Much like most female characters from more recent reimagining of fairy tales,
Merida is independent, and doesn’t need a man to rescue her. That becomes a problem, of course, when her mother announces that she has to pick from three suitors as part of her royal duty.
“Brave,” preceded by the cute, sparkly “La Luna” short, joins the modern gallery of animated features with princesses that break the mold. Merida’s more feminist mindset butts heads with the Queen’s focus on traditional rites, which creates the main conflict, and resolving that involves serious skewing of family bonds. It’s a tough, tricky situation that the film doesn’t tiptoe around.
Thankfully, the process is imaginative enough; the visually vivid film doesn’t devolve into a soapy emo-fest about a failing mother-daughter rapport. In true Disney tradition, the family gets into more complicated, more fantastical imbroglios, aside from their obvious predicament.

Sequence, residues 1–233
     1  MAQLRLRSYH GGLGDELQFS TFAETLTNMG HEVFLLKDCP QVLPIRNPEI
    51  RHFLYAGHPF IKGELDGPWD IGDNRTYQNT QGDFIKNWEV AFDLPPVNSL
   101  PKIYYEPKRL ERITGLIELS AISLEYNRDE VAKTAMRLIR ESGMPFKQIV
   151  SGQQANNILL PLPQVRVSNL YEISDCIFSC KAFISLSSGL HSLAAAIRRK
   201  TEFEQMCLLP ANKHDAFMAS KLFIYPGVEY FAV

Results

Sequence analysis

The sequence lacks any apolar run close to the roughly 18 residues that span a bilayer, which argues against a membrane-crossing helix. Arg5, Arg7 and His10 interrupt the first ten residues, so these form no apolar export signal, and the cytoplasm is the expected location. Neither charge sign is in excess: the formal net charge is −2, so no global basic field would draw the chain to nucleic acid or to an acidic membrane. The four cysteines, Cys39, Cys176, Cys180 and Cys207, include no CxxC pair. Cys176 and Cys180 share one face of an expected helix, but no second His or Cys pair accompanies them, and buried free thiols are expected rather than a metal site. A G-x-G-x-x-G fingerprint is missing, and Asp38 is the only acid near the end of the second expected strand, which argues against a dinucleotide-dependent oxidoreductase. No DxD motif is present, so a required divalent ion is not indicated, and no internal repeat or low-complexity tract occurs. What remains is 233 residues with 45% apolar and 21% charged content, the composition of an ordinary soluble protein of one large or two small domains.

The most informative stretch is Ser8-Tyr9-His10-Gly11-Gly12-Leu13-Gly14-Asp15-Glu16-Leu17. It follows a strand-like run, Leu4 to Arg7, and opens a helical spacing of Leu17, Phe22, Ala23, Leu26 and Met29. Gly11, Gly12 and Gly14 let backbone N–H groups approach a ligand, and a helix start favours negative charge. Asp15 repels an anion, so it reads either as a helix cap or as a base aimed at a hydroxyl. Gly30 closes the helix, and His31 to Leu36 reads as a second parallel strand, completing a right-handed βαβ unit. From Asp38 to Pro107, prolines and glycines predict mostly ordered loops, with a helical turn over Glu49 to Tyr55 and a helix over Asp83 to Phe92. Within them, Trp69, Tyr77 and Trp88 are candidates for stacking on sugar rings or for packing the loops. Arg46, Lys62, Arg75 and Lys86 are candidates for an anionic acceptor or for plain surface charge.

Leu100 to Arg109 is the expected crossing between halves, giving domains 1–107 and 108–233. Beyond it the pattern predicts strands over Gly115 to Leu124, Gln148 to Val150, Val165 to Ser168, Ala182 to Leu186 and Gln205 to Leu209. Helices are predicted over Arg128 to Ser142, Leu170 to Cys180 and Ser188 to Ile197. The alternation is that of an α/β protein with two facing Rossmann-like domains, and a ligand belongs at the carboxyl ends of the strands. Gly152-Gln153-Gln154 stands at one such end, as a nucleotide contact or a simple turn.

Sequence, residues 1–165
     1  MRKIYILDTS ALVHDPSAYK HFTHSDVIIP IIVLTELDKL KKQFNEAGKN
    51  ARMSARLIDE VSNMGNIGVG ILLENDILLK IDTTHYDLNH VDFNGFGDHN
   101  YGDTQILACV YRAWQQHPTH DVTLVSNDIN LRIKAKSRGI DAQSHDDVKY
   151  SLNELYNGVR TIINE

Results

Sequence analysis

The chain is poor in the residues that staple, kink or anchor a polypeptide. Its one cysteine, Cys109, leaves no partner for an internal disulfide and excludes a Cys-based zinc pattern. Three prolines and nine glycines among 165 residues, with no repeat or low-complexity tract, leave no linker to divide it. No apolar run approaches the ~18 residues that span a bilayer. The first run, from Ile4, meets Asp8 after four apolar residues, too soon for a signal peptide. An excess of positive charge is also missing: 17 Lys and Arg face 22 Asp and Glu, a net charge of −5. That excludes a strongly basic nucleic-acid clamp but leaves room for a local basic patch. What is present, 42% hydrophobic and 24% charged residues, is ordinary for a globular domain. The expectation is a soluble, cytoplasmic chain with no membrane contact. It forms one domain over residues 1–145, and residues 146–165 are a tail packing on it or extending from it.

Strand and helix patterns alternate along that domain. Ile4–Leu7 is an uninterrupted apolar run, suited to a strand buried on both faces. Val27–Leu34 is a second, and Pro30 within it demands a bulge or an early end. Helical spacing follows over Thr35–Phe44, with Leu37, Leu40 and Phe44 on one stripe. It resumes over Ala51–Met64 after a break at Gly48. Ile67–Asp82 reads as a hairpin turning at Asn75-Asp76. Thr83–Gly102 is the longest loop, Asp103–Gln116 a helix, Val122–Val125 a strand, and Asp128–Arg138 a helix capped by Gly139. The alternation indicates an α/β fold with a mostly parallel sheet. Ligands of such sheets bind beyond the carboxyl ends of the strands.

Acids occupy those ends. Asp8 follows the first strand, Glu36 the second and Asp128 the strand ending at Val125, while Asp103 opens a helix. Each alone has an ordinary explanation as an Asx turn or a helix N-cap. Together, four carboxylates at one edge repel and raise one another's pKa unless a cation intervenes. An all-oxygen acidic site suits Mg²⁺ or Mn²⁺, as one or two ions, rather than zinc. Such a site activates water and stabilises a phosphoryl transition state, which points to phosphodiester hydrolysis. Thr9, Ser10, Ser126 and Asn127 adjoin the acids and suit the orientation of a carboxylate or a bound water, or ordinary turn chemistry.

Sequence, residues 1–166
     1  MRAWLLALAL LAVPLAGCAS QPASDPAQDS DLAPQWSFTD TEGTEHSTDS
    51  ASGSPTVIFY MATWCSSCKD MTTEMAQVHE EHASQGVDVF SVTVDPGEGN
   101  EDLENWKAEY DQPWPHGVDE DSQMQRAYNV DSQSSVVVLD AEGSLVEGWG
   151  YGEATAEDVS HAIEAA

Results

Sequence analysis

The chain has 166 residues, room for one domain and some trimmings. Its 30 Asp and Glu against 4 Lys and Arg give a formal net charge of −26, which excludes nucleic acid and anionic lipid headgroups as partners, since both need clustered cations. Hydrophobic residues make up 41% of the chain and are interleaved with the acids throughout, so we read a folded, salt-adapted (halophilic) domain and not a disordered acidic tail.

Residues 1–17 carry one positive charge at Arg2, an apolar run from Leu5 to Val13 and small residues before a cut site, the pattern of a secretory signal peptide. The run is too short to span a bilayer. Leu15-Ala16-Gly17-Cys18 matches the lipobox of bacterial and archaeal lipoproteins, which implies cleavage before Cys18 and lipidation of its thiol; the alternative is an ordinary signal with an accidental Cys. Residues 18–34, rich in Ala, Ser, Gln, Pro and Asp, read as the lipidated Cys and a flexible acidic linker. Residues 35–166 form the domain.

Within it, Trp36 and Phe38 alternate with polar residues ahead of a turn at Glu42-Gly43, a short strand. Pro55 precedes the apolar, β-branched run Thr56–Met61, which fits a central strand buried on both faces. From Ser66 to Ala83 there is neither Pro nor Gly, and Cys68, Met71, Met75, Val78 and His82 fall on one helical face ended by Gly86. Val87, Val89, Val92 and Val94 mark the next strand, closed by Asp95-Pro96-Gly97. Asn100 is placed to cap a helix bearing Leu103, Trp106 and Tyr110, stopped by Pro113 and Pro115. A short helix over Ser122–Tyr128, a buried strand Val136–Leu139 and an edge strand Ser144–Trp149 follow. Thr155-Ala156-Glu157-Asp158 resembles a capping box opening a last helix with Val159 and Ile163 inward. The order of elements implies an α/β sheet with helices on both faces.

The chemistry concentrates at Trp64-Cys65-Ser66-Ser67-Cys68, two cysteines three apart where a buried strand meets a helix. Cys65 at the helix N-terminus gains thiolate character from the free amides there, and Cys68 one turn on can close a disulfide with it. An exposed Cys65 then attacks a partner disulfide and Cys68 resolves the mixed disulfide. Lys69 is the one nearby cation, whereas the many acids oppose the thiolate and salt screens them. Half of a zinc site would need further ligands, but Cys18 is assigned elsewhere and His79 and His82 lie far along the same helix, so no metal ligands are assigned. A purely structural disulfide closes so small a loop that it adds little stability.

The message might be understood more by older kids and older viewers regardless of gender, but “Brave” successfully transmits it, un-muddled. It’s something to ponder over, what with lingering attitudes hereabouts that still favor the constricting, limiting ideas of yesteryear.
Merida may not be the first princess to express independence, but the character and her story matter, inspiring with attainable feats and inherent bravery.
“Brave” will be in Metro Manila cinemas starting Aug. 1.